How To Help An Older Child With Separation Anxiety

Separation anxiety.

We’re aware of it when our children are very young. We read about it on apps and websites and we learn that playing games like ‘peekaboo’ and talking to our babies from another room can all help to combat it.

We expect it when our children are nine months old and they start waking in the night again after sleeping through (if you’re one of the lucky ones!). We expect it when we have to go back to work and our little ones start nursery or go to a childminder. We expect it when they’re little and we cope with it ok. Because we sort of know it’s coming.

But what if our four year old develops separation anxiety. Or our five year old. Or older?

This happened to us. Our Big One turned four and two weeks later, he started school. During the summer holiday before he started, his separation anxiety was at its peak. He had to be peeled off me whenever I left the house, no matter where I was going or for how long. He was waking in the night with anxiety. He was tired and we were tired and we didn’t know what to do. Playing ‘peekaboo’ and talking to him from a different room wasn’t going to work now. He was beyond that understanding, but too young to comprehend this anxiety.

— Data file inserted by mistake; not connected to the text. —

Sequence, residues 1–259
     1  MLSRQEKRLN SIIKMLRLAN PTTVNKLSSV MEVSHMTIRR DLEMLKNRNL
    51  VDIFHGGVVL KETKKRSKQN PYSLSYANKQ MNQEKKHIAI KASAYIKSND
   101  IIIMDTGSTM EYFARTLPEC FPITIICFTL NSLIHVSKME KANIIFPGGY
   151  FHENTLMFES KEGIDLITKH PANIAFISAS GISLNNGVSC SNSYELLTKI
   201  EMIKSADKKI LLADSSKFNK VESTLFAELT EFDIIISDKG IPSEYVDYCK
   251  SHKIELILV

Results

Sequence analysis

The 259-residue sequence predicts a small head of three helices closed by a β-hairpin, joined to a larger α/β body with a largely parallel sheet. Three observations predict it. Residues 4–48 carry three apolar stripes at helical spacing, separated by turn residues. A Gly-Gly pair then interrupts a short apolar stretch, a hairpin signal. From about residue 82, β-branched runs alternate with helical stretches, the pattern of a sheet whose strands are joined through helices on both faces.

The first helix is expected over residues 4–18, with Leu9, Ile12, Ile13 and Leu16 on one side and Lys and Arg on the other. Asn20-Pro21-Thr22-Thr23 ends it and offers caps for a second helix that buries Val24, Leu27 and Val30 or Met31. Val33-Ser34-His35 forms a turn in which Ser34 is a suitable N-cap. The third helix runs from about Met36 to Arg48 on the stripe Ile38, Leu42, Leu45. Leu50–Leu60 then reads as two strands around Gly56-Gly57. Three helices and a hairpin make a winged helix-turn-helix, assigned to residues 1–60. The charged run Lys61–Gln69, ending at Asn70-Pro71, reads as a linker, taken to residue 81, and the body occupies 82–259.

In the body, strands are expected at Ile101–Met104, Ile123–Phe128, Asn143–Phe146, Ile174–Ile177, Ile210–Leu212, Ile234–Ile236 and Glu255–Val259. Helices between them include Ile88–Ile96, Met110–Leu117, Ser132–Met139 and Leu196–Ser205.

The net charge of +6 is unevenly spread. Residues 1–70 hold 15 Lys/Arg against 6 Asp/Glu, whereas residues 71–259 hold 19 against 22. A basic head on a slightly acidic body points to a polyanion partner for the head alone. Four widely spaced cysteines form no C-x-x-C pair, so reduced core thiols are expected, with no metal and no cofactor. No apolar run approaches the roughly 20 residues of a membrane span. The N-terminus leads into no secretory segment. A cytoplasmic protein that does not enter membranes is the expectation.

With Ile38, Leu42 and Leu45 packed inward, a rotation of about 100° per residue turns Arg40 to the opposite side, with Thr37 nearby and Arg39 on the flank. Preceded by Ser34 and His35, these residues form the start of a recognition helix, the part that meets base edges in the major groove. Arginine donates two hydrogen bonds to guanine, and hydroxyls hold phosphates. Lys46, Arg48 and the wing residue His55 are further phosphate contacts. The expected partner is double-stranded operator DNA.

I spent so much time googling possible ways to help him and, whilst Google provided endless threads from forums reassuring me I wasn’t alone in experiencing this, I found no practical ideas aside from finding the trigger.

We already knew the trigger – starting school. He was ready in every way except emotionally, and even when he started and clearly loved his days at school, it was the initial separation that was still a sticking point.

We took a step back and thought about, not what the trigger was, but how he was feeling. And from this, we came up with five simple steps which helped us to help him. It wasn’t an immediate quick fix, but it made it much more manageable for all of us:

More affection

It can be so draining when your older child has separation anxiety. You almost want to ‘teach’ them to be independent of you. But it’s important to remember that they are not choosing to feel this way; they are responding to an anxiety, often over a loss of control or change in routine. When this is the case, we need to make them feel even more secure, so that they know they can tackle these changes because you are right there, supporting them emotionally through it. Lots of cuddles and affection can never be a bad thing, especially when someone is feeling anxious.

Talk to them

Trying to help them understand why they feel anxious, can sometimes allow them to see that it’s not quite such a big thing to worry about. We often understand but they don’t – their feelings are mostly subconscious. If we can encourage them, even just to recognise the triggers, then it can help, in some way, to relieve a bit of the anxiety. If the trigger is something like starting a new school/pre-school/moving house/a new baby in the family, photos, storybooks and visits can really help.

Have special items

Our eldest’s separation anxiety reared its head again over this most recent summer holiday. Not as badly as last year but it was still pretty prevalent. He chose a teddy and I swaddled it in an old t shirt of mine. He took this with him if he went to grandparents’ houses and cuddled it in bed. It was a way of part of me being next to him, when I wasn’t physically next to him myself. This seemed to calm him and it acted a bit like a security blanket for him.

Reward chart